Once Upon an Autumn Eve

Once Upon an Autumn Eve

2.8 6
by Dennis L. McKiernan
     
 

View All Available Formats & Editions

Once upon an autumn eve, a wounded knight named Sieur Luc rides into the Autumnwood-and into the heart of Princess Liaze. But even as love blooms between them, dark forces snatch him away. Guided by the enigmatic Fates, Liaze sets out on a desperate quest to follow the trail of her true love no matter what perils she may encounter.  See more details below

Overview

Once upon an autumn eve, a wounded knight named Sieur Luc rides into the Autumnwood-and into the heart of Princess Liaze. But even as love blooms between them, dark forces snatch him away. Guided by the enigmatic Fates, Liaze sets out on a desperate quest to follow the trail of her true love no matter what perils she may encounter.

Editorial Reviews

Publishers Weekly
Strictly for younger readers and those who favor frothy extended fairy tales, McKiernan's third seasonal fantasy (after Once Upon a Winter's Night and Once Upon a Summer Day) is set in the wondrous land of Faery, "a place of marvel and adventure and magic and peril, populated by mythical and mystical creatures and uncommon beings." When plucky amber-eyed Princess Liaze of the Autumnwoods rescues handsome and mysterious indigo-eyed knight-errant Luc from marauding goblins, the two instantly fall in love. Then Luc is kidnapped, and enemy wizard Orbane and his acolytes-the three witch sisters Hradian, Iniqu and Nefas -are implicated. Based loosely on the fairy tale of the Glass Mountain and the Scottish ballad of Tam Lin, the novel turns on the truth behind Luc's parentage, but one-dimensional characters and minimal tension won't hold fans of McKiernan's better known Mithgar series (The Dragonstone, etc.). (Apr.) Copyright 2006 Reed Business Information.
Library Journal
In the Faerie realm of Autumnwood, the wounded knight Luc wins the love of Princess Liaze. As they prepare to announce their betrothal, however, a creature of darkness snatches him away. Determined to rescue her beloved, Liaze sets out on an epic journey that will test her loyalty, her courage, and her love. McKiernan's latest entry in his four-part fairy tale cycle goes beyond the reworking of the classic fairy tale, The Glass Mountain, to depict a world of magic and enchantment. Together with its companion volumes Once Upon a Winter's Night and Once Upon a Summer Day, this story belongs in most fantasy and YA collections. Copyright 2006 Reed Business Information.

Product Details

ISBN-13:
9780451460691
Publisher:
Penguin Group (USA)
Publication date:
04/04/2006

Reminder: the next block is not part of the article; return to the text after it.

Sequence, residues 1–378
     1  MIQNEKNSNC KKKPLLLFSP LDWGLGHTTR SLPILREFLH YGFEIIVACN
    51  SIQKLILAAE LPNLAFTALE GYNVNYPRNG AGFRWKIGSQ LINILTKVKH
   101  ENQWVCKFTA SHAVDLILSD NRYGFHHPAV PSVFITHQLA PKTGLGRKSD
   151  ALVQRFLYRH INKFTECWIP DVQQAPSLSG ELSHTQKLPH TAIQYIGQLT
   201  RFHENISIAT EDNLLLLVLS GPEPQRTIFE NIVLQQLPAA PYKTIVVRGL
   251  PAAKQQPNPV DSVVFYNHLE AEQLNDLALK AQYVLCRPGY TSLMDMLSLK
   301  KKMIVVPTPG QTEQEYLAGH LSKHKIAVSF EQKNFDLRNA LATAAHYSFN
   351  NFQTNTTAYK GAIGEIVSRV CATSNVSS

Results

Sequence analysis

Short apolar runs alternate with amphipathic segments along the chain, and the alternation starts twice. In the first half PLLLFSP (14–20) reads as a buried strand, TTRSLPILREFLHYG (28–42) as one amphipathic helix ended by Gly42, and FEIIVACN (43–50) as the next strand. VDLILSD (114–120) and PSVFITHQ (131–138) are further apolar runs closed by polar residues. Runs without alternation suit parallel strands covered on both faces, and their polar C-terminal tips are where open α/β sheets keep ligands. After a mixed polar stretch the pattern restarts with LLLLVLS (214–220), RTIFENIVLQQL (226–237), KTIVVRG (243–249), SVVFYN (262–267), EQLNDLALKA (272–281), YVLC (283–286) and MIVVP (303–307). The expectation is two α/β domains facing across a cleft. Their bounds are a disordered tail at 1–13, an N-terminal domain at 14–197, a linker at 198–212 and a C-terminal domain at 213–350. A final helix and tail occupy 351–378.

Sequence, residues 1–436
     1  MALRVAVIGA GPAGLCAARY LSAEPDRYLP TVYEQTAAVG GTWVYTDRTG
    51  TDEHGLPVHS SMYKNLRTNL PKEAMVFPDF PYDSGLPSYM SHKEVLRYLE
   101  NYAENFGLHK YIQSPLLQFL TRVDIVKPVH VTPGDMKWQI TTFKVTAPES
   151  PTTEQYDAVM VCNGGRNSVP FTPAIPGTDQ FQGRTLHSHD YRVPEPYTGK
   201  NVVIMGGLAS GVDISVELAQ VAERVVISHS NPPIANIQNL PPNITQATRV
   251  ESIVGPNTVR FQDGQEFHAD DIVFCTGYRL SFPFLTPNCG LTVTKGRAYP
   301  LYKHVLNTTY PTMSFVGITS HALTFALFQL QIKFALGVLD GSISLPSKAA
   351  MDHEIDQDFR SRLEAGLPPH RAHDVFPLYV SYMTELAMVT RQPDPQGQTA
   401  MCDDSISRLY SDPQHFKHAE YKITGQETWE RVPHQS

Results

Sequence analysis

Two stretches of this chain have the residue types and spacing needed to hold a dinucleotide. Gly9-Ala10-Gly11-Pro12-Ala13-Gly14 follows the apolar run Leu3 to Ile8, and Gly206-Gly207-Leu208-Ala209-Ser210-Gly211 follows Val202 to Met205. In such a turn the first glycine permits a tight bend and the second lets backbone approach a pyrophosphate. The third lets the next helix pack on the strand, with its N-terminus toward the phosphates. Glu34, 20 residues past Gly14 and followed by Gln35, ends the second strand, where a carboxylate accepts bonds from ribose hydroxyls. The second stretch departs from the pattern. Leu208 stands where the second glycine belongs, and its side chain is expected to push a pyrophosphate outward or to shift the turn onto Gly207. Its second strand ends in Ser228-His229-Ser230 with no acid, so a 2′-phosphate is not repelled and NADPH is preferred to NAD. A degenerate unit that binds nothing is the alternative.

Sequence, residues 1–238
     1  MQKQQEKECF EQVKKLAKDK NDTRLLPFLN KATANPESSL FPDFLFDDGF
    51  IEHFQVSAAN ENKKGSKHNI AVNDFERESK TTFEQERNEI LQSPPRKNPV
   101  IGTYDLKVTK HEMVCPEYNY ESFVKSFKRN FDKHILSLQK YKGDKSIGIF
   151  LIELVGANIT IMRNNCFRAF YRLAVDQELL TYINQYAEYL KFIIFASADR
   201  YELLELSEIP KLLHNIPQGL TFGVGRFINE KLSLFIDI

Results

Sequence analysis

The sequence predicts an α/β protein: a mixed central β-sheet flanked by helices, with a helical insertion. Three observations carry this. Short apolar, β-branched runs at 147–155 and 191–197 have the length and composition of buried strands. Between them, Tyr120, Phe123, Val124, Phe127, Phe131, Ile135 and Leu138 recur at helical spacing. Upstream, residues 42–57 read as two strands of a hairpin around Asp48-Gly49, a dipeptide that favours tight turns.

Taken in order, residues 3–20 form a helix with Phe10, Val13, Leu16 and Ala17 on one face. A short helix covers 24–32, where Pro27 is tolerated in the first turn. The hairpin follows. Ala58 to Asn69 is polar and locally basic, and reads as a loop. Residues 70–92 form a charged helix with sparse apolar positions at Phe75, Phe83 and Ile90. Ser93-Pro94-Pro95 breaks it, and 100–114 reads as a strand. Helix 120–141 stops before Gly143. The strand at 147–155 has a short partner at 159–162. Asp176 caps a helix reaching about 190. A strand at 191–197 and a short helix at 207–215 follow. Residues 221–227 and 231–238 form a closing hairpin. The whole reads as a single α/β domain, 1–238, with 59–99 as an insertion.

Series:
Faery Series
Pages:
352
Product dimensions:
6.28(w) x 9.26(h) x 1.22(d)
Age Range:
18 Years

Related Subjects

Meet the Author

Dennis L. McKiernan is the author of many novels, most of them set in the world of Mithgar. He is one of the most prolific and enduring writers of fantasy today.

Customer Reviews

Average Review:

Write a Review

and post it to your social network

     

Most Helpful Customer Reviews

See all customer reviews >

Once Upon an Autumn Eve 3.4 out of 5 based on 0 ratings. 8 reviews.
BluHawk More than 1 year ago
I am a fan of this series because each book takes you on a wonderful fairy tale adventure that is uniquely McKiernan. Though I enjoyed the characters of this novel, I found the storyline a bit repetitive. Even so, as a continuation of the series, the book was lovely. If you enjoy McKiernan's writing style, you might also like the storylines of "Gifts" by LeGuin, or "The Ill-Made Mute" by Dart-Thornton. The overall "feel" of these books were quite similar!
Anonymous More than 1 year ago
This book had the same plot as the 2 before it. The only thing that set it apart was the exsessive nudity. Nothing detailed but every chance possible the author comment on the characters being nude. The first book was cute, other than the nudity this one was too, but cute only goes so far and when you keep telling the same story over and over with different names it gets old fast.
Guest More than 1 year ago
It seems a shame, because the premise is intriguing - four seasonal forests and full length fairy tales. The first two novels were okay, but by this third edition, the story ideas are thin and worn and the plotlines repetitive. Throw in the fact that the prose is clumsy (Liaze needs to take care of her 'feminine needs' fairly often) and you get this mess.
Anonymous More than 1 year ago
Anonymous More than 1 year ago
Anonymous More than 1 year ago
Anonymous More than 1 year ago
harstan More than 1 year ago
The knight with blood pouring from his wounds enters Autumnwood in the magical land of Faery. Goblins pursue him until he falls from his horse as if dead. Princess Liaze quickly chases the goblins away from the fallen warrior. Realizing he still lives, she takes him to her home to heal while shocked that somehow he already has entered her heart. --- Sieur Luc and Liaze fall in love at first sight. However, someone abducts Luc from the safety of Liaze¿s demesne. Clues provided by the Fates point towards Liaze¿s enemy the Wizard Orbane and his three witches Hradian, Iniquí and Nefasí though why Luc is taken makes no sense to Liaze. She begins a quest to rescue her beloved with only the limited help of the Fates and the true love connection between their hearts to guide her. --- The third once upon a season fantasy (see ONCE UPON A WINTER'S NIGHT and ONCE UPON A SUMMER DAY) contains a delightful gender bender heroine coming to the rescue of the captured knight rather than the other way as happens in the somewhat similarly plotted fairy tale Glass Mountain. The story line is fast-paced, but the villains seem more like caricatures than fully realistic evil people. Still with a terrific twist involving Luc and a fabulous female champion, young fans of feature length fairy tales will enjoy Dennis McKiernan's latest trek into the land of Fairy. --- Harriet Klausner